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American Farm Bureau Setting Policy in Atlanta

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While not a normal year, 2021 was good for farmers, according to American Farm Bureau Federation Chief Economist Roger Cryan. And, speaking at the Farm Bureau annual convention in Atlanta, Cryan says look for issues from 2020 and 2021 to carry over into this year.

“The pandemic is not over,” Cryan said. “So, people are still spending money differently. They’re buying stuff instead of restaurant meals or tickets to the ballgame, so forth. Crowded ports and too few truck drivers are making it hard to move ag products and other stuff that people are buying. And of course, geopolitics is affecting our access to markets and our availability of farm inputs, in many ways as well. And inflation is a very serious concern for the first time in 40 years.”

Cryan says net farm income is expected above average for 2022, but they don’t expect any further government payments beyond normal programs.

Farm Bureau President Zippy Duvall says supply chain issues remain top of mind for Farm Bureau members.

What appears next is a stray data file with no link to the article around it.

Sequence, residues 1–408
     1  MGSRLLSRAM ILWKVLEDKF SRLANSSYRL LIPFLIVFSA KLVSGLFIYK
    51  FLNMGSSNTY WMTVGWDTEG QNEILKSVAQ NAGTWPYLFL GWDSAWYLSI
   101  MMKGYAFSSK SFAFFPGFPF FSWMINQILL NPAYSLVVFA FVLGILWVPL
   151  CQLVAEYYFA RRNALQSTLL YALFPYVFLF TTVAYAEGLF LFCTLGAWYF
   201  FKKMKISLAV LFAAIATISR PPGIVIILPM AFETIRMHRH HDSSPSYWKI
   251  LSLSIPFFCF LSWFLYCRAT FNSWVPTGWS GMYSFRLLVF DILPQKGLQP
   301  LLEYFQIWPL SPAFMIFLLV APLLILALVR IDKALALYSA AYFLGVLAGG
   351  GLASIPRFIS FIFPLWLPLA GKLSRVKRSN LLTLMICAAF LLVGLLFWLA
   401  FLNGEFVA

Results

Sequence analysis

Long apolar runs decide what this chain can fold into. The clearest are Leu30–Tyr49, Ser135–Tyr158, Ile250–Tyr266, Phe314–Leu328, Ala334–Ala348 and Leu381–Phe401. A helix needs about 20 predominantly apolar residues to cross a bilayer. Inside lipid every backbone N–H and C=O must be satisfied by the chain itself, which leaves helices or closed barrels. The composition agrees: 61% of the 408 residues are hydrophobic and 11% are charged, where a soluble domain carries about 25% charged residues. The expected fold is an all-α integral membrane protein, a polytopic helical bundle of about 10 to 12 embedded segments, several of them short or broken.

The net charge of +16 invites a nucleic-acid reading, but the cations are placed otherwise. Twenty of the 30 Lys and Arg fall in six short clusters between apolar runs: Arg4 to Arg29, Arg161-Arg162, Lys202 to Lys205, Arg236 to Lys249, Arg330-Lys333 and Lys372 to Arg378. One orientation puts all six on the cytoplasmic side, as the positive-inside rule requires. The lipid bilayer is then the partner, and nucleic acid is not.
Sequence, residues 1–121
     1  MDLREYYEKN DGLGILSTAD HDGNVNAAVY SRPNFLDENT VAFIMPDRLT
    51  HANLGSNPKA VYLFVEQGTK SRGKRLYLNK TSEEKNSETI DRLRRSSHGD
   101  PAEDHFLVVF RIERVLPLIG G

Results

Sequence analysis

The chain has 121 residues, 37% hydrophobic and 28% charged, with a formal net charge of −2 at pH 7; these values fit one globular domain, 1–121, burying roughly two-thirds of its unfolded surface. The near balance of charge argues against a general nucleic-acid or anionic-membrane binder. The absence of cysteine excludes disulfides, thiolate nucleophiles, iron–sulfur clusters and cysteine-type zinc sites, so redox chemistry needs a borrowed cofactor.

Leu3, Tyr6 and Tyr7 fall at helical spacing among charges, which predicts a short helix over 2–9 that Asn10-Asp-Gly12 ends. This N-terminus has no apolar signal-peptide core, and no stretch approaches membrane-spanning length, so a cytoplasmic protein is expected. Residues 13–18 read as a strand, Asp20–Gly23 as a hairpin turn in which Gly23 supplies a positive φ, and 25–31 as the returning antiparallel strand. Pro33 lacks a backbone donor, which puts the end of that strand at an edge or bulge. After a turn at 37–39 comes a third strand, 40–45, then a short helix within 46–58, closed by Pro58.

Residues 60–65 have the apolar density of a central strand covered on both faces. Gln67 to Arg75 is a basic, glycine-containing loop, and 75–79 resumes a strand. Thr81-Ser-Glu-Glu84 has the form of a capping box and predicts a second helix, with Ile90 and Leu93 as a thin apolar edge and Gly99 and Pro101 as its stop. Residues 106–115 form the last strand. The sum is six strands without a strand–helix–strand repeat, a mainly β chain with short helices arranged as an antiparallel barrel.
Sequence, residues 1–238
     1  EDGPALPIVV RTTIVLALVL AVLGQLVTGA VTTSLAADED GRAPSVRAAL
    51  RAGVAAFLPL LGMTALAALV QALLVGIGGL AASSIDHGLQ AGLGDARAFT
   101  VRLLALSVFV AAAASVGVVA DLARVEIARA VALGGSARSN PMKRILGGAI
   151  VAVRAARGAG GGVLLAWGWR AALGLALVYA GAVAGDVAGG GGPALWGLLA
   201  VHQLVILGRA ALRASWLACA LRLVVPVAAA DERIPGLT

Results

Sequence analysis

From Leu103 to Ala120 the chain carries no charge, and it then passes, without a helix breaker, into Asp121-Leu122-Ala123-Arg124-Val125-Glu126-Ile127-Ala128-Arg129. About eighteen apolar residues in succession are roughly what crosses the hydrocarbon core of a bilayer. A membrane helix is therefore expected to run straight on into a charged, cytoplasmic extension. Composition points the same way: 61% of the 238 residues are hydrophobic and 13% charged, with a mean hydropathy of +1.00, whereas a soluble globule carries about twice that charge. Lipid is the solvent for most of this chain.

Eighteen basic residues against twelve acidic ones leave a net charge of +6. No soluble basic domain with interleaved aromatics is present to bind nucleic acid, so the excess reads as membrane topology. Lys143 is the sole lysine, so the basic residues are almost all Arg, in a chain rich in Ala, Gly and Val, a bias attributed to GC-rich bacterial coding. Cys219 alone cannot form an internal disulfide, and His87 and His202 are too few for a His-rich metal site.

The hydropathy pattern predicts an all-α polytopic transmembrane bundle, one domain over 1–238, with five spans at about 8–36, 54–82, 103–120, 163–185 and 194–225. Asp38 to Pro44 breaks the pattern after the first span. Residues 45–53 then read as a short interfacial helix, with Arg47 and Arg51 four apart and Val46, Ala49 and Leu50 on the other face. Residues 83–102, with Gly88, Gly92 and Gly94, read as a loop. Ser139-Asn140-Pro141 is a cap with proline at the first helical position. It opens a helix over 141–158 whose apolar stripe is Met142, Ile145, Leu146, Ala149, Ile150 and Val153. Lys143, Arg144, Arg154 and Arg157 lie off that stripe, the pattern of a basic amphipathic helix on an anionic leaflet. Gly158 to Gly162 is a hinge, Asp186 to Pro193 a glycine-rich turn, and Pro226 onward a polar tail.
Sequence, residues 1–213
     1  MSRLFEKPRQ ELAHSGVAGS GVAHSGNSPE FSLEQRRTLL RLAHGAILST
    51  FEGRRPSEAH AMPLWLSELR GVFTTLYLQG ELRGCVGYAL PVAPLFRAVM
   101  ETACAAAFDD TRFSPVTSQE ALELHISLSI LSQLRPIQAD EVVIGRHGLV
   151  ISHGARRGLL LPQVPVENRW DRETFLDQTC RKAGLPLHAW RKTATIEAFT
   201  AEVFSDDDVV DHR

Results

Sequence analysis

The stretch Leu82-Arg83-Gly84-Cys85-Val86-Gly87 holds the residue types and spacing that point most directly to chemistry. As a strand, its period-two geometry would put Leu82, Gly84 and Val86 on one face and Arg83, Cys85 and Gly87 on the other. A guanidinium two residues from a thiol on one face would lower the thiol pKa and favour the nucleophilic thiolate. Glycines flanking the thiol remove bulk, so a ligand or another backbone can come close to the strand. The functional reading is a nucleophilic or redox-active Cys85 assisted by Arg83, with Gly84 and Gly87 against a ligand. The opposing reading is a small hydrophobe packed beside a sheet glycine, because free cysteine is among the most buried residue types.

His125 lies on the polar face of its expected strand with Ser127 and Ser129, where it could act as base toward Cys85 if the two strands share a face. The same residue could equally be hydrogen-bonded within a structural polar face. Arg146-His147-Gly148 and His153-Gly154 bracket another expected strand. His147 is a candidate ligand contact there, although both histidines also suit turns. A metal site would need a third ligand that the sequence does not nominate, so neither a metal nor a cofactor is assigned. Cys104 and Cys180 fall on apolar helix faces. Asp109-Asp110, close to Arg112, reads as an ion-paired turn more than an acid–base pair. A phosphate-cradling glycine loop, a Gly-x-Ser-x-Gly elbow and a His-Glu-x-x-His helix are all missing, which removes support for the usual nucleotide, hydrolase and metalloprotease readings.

“Well, there’s two issues,” Duvall explained. “They’re concerned about the prices and they’re even more concerned about the availability of it. We got some suppliers and they’re going to try their best to deliver to their everyday customers that do business with them every day, but it’s going to prevent new customers and new farmers and new people getting involved in agriculture from even having a supply to go to. but we’re very, very concerned and whatever the interruption is, whether it be at our ports, whether it be in tariffs, whatever that might be, we got to find a solution to it.”

Also being discussed are farm labor, and beef markets. Farm Bureau delegates will decide policy directives Tuesday at their convention in Atlanta, Georgia.

Source: NAFB News

Photo Credit: American Farm Bureau